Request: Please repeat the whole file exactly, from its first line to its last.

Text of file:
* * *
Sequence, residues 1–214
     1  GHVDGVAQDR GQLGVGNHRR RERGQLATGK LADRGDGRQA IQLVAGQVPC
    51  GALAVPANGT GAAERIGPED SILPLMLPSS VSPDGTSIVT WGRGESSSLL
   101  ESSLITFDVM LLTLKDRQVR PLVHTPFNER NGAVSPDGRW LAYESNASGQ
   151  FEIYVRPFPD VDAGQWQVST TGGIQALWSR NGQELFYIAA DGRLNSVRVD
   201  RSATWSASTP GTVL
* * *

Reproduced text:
Sequence, residues 1–214
     1  GHVDGVAQDR GQLGVGNHRR RERGQLATGK LADRGDGRQA IQLVAGQVPC
    51  GALAVPANGT GAAERIGPED SILPLMLPSS VSPDGTSIVT WGRGESSSLL
   101  ESSLITFDVM LLTLKDRQVR PLVHTPFNER NGAVSPDGRW LAYESNASGQ
   151  FEIYVRPFPD VDAGQWQVST TGGIQALWSR NGQELFYIAA DGRLNSVRVD
   201  RSATWSASTP GTVL